Johannesburg needs clear infrastructure delivery plan to attract investment
To examine challenges posed by, and find possible solutions to, Africa’s urban infrastructure deficit as a result of rapid urban growth, international law firm Pinsent Masons has launched a thought leadership programme, which will bring together numerous experts from its network of 23 global offices.
Speaking at the inaugural event, Pinsent Masons partner George Sibanda cited a Centre for Development and Enterprise report, stating that, “cities produce more than 80% of global economic output. No country has grown to middle class status without urbanising, and none has grown to high income status without vibrant cities. “.
Sibanda said Johannesburg’s population is expected to reach ten million in 2018 and 11.6-million by 2030. “The infrastructure backlog in Johannesburg is high. The need to close a widening infrastructure gap in the city goes to the heart of improving the South African economy.”
Considering the central question – how does a city, like Johannesburg, attract more private investment in its infrastructure – Pinsent Masons proffered a five-pillar framework.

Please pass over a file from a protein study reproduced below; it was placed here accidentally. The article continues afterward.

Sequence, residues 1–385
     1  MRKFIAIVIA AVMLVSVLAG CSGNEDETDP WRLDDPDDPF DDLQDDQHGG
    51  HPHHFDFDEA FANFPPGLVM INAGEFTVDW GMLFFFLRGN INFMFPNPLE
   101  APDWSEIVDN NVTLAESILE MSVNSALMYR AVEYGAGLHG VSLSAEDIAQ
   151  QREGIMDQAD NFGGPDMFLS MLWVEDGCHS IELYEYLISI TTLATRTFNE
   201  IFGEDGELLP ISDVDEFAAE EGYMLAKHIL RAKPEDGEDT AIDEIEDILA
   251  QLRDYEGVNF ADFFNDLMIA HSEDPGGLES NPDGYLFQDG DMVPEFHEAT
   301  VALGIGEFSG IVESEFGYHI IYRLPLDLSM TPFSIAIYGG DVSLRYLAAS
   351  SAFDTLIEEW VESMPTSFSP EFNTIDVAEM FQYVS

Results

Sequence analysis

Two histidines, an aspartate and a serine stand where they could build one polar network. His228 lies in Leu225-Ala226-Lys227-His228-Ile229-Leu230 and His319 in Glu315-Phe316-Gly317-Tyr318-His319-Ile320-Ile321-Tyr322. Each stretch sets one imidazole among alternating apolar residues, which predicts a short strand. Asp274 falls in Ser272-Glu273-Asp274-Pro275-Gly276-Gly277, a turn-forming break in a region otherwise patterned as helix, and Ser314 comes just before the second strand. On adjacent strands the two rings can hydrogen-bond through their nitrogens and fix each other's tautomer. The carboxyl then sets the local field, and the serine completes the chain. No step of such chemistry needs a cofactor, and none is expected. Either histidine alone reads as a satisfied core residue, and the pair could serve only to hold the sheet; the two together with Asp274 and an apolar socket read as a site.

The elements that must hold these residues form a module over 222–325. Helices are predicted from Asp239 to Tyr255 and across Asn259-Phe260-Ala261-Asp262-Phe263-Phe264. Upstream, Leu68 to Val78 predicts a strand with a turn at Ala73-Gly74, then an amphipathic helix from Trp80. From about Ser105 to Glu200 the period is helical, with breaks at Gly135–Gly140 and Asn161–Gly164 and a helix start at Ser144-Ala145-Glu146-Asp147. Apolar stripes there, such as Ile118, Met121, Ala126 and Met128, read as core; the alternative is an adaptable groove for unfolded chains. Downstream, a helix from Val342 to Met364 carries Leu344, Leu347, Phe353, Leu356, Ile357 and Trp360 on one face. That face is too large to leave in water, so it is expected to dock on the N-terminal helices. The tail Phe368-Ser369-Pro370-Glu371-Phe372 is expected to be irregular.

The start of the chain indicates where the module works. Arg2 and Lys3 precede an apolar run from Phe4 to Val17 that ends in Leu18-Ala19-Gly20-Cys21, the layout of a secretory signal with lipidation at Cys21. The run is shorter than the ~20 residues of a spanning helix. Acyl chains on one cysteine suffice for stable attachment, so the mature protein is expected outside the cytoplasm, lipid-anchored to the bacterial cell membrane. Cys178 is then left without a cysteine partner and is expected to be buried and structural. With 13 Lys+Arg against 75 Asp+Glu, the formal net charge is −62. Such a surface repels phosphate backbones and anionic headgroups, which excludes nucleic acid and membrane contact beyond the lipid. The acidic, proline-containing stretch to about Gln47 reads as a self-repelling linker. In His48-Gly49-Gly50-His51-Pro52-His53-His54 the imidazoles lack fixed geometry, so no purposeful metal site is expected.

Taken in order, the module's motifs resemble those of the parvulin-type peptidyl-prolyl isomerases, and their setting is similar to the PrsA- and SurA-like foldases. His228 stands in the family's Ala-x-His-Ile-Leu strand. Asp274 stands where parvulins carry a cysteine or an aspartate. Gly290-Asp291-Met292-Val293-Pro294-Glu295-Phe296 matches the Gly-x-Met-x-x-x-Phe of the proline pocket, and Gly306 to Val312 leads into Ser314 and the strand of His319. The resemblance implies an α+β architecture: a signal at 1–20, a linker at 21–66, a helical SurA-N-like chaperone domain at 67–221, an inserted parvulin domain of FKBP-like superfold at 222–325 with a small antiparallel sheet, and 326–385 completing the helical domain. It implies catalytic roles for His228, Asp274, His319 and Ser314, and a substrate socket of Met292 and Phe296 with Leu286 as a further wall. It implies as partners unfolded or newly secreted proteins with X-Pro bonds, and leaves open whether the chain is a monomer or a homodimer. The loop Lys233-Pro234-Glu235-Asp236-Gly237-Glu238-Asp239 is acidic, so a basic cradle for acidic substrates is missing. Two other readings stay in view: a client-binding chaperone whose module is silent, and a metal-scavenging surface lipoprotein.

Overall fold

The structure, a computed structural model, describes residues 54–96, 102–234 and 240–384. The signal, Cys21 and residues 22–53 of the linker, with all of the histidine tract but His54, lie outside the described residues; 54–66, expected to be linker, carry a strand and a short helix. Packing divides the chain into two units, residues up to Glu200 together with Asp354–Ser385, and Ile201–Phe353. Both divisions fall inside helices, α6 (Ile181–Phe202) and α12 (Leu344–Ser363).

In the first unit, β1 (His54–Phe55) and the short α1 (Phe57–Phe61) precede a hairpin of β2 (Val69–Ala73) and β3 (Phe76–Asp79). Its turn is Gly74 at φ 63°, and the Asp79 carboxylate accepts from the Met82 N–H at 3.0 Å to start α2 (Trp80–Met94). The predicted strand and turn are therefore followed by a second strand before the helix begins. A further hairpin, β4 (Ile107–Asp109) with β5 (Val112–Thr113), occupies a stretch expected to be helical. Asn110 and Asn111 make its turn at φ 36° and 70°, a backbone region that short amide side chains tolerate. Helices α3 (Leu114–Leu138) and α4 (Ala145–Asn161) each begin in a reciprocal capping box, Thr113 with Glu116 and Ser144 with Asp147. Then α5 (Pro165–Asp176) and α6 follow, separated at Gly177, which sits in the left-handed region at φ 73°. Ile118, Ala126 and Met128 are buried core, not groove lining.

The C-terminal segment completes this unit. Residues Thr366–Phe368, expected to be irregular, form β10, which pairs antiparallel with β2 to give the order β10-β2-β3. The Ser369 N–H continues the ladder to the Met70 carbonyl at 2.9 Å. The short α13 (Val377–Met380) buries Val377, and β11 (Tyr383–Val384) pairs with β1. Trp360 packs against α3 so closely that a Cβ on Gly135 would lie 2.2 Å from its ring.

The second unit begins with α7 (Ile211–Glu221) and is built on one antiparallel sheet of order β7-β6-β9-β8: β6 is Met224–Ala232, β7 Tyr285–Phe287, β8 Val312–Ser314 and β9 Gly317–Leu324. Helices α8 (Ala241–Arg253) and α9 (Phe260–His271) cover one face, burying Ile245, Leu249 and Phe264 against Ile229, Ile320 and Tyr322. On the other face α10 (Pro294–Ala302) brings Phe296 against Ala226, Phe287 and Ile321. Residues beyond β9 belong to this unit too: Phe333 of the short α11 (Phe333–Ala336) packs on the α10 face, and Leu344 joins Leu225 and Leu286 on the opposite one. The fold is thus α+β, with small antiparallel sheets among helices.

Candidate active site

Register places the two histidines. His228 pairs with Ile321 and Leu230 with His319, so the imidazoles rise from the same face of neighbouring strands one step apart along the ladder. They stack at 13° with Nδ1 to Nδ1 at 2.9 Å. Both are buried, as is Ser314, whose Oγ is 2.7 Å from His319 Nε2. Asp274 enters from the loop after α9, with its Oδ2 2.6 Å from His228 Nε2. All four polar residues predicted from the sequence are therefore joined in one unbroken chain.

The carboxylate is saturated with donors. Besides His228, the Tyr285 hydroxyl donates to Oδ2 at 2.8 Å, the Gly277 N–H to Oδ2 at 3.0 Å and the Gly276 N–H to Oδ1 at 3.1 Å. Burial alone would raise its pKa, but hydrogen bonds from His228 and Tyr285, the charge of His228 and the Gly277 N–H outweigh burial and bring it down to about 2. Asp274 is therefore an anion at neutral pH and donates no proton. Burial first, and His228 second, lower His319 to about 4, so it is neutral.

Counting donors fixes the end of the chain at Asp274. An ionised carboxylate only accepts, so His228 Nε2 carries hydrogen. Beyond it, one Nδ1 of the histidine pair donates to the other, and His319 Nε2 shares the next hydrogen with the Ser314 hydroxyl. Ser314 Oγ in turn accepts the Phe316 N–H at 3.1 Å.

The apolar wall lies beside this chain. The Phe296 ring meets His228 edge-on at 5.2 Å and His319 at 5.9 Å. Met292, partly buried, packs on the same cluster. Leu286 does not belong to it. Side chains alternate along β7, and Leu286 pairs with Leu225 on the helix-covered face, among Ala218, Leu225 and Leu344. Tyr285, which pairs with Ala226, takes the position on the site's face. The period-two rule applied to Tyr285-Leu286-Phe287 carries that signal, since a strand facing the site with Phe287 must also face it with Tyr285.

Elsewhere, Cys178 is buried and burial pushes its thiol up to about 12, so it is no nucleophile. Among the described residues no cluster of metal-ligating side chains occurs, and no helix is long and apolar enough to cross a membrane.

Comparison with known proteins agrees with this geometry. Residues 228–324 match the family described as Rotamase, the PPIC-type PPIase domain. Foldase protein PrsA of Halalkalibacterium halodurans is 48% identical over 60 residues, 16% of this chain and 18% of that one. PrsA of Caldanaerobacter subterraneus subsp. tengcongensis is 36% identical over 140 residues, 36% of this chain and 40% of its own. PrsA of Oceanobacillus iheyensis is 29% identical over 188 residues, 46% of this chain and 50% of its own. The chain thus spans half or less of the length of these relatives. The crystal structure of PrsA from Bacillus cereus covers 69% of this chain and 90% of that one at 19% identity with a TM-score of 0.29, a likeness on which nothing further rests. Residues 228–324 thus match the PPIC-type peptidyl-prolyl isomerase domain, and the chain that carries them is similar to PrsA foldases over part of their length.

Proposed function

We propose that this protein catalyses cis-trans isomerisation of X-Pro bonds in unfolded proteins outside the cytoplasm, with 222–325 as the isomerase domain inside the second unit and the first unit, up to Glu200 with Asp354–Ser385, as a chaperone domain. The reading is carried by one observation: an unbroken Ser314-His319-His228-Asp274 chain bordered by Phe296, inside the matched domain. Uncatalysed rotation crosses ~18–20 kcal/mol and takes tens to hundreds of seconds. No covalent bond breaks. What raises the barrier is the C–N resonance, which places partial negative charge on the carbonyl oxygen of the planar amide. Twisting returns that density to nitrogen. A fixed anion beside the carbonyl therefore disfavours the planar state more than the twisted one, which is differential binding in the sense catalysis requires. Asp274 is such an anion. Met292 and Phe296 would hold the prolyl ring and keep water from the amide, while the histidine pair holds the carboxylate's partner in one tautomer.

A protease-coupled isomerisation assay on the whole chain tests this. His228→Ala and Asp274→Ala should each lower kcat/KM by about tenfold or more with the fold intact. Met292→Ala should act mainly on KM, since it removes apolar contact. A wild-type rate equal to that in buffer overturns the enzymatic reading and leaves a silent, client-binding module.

This includes a transformation in infrastructure governance and leadership to unlock significant private investment to close the funding gap; and drawing up a long-term (at least 25 years) evidence-based plan for city-wide infrastructure; streamlining and developing a clear and ambitious infrastructure delivery strategy to support a modern and innovative infrastructure sector, and the development of skills necessary to improve delivery of major infrastructure investments.
Lastly, it noted that embracing emerging technologies to develop smart infrastructure and Smart Cities would reduce inequality in Johannesburg, as it improves productivity.
University of the Witwatersrand School of Construction Management and Economics Professor Sam Laryea said planning was absent in growing African cities, citing congestion, which hampered economic growth as people spent long hours getting to and from work.
He added that providing infrastructure using smart technology could aid the youthful African population to pursue their work ambitions and, in so doing, aid growth. In this regard, smart technology will also help bridge the inequality gap as people gain access to skills and ideas remotely.
Decoupling political elections from long-term infrastructure plans was also an imperative. The private sector is more likely to respond to a long-term evidenced plan that guaranteed risks and demonstrated the political will regardless of the election cycle.